It’s been a turbulent year in UK education—there’s no way to say otherwise. This article provides a run-down of the developments and events that have been the talk of university and FE staff rooms, changes that will continue to have repercussions in years to come.
Student cap lifted in HE
This autumn, the lifting of the student cap in HE began, with 30,000 more undergraduate places available. This has certainly had a major but mixed impact across the sector: for some, it meant the possibility of finally expanding popular but oversubscribed courses. For others, it meant a greater struggle to find enough high-quality students to keep courses afloat. Universities are starting to assess the ramifications now in preparation for 2015-2016, when the cap will be gone altogether.
From this year’s introduction of the 24+ Advanced Learning Loan for adult students in FE to the fact that half of British schools delivered not a single applicant to Medicine courses this year, many in the education sector are increasingly concerned about the fate of the widening participation agenda.
Private universities and public scandals.
A strongly worded National Audit Office report raked over the high cost to the public and low return to students displayed by private higher education institutions in Britain. With annual funding for students at private universities soaring in four years from £30 million to £900 million, this was justifiably headline news. As has been the case elsewhere, it appears that such universities have been able to grab a large share of student loan funding, but often delivered poor-quality teaching and had high drop-out rates. In addition, the Department for Business, Innovation and Skills has been conducting an investigation into non-UK students at private universities claiming student support to which they may not be entitled.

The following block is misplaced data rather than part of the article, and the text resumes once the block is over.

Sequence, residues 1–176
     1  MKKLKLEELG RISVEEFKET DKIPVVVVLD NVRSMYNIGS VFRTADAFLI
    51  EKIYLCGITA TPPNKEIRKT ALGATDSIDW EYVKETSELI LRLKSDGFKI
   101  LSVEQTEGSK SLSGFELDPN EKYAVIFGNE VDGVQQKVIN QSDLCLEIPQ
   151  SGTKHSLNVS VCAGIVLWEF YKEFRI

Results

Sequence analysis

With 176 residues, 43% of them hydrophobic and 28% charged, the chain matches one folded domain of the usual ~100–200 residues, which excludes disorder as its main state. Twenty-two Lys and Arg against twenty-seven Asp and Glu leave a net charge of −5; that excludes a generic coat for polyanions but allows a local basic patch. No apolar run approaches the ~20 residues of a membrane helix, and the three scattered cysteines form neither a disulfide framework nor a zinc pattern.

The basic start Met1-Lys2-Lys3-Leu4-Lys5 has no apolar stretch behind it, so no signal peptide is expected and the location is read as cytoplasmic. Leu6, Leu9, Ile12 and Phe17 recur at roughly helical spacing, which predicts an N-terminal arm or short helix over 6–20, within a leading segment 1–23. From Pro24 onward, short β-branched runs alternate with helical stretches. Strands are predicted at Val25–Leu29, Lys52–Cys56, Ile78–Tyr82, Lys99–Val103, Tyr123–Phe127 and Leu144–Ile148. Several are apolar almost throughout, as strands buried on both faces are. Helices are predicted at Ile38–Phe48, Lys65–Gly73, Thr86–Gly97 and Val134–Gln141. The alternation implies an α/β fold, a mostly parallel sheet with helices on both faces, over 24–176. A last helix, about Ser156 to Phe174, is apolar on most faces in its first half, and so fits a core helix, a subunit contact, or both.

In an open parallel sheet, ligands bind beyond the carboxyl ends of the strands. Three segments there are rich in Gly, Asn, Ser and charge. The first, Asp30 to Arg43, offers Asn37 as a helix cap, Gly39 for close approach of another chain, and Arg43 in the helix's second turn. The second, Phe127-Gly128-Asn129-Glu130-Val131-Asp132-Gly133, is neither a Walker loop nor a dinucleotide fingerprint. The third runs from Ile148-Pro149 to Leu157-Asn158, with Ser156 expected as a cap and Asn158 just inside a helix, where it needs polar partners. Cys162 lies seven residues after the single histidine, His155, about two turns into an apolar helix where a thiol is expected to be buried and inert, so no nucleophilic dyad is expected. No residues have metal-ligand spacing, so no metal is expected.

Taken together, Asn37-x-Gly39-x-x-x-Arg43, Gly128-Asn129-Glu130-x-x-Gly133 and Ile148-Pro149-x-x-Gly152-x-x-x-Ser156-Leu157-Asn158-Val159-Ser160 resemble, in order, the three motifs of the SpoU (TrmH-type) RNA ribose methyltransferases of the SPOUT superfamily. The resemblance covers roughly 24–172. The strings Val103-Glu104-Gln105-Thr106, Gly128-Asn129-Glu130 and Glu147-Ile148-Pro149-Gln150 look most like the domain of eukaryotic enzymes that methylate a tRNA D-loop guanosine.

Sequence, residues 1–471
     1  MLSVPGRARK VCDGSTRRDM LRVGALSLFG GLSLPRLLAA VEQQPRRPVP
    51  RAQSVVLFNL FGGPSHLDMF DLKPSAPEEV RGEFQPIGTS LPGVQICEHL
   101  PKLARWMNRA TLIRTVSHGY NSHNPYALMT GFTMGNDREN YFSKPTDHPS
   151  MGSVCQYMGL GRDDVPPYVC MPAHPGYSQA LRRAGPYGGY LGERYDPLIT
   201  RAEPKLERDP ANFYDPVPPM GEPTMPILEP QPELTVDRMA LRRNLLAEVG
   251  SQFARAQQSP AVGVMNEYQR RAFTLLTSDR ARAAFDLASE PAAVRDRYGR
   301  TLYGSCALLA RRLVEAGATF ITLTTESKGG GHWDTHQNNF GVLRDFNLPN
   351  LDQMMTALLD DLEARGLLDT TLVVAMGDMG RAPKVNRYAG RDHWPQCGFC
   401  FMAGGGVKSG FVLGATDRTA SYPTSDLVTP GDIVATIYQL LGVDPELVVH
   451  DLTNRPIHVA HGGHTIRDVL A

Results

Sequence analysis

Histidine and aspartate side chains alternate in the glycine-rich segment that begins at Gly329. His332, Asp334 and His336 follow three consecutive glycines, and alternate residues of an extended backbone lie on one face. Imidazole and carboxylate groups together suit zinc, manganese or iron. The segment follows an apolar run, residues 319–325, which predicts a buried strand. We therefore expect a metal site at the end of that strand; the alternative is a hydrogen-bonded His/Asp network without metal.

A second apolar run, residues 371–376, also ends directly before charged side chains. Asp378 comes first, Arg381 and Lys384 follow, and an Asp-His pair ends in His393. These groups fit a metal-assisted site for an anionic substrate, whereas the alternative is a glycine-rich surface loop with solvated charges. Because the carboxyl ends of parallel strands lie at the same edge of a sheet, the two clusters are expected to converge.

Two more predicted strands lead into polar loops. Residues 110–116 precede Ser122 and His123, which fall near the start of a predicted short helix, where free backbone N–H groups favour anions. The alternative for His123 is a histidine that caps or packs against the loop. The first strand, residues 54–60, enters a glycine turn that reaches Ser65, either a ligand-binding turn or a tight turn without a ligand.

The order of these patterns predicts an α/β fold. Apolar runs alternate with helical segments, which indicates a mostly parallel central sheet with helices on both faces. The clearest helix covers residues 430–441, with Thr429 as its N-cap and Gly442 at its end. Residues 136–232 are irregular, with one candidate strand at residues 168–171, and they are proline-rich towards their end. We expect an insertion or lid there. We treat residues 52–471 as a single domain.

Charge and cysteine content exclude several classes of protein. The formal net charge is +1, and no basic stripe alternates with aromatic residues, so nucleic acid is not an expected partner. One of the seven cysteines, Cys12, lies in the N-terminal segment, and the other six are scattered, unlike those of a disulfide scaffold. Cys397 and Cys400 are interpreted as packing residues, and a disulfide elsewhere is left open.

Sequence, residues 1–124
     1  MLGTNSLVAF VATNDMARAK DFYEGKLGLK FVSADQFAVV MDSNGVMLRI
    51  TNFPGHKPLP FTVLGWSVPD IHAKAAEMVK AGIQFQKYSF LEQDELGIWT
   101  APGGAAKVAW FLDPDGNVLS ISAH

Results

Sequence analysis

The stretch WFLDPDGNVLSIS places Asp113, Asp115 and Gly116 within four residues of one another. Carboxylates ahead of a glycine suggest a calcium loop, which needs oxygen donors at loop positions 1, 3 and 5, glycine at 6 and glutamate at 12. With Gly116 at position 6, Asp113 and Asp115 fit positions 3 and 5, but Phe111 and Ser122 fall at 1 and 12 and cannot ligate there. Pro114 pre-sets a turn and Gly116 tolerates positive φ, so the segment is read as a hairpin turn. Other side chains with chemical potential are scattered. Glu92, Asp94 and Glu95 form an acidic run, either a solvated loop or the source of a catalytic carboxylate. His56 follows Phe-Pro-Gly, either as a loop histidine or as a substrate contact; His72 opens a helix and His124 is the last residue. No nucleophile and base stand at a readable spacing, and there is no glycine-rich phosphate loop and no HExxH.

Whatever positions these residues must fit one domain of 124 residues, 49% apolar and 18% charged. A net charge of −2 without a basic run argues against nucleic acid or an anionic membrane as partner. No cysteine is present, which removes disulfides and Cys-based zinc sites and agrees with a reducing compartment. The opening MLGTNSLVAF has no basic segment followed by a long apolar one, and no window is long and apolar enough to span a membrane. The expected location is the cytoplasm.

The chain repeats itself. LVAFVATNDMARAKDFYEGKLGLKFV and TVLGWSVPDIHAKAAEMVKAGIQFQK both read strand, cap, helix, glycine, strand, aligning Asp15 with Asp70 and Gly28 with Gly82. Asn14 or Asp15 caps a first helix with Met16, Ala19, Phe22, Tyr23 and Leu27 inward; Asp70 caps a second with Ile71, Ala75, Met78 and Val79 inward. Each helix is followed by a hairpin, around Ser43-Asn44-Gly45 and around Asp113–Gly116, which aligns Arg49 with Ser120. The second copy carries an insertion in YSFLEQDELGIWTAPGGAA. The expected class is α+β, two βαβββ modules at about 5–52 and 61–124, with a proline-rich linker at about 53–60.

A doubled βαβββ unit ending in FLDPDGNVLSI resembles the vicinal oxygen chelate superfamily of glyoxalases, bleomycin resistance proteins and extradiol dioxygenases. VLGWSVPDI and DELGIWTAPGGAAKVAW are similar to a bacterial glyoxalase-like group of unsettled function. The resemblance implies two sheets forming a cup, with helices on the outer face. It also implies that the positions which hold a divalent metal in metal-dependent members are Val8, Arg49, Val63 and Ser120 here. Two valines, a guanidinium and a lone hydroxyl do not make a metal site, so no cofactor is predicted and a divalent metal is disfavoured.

The spread of zero-hour contracts in FE and HE.
It came as a surprise to many old-timers in the sector when national and local surveys this year revealed the scope of zero-hour contracts (and other forms of precarious work) in British colleges and universities. This trend adopted from the US, where the majority of academic staff are temporary workers, has caused career disruption and stagnation for many in the education workforce.
One bright spot…
Amongst the doom, gloom and concern there is a glimmer of hope. Recent figures from the Department for Education suggest that children from the poorest backgrounds are now achieving better results in core Key Stage 2 subjects than they were in the past. The improved results continued for children who began school with English as their second language. If these gains can be maintained through secondary and on into FE and HE, it will mean a better future for pupils who currently often fail to achieve.
As shown by UK higher education’s continued strong presence in international rankings, British teaching and research has retained its high profile. While new policies and economic trends may buffet the sector, those working within FE and HE strive to deliver quality experiences for students and world-class research outputs.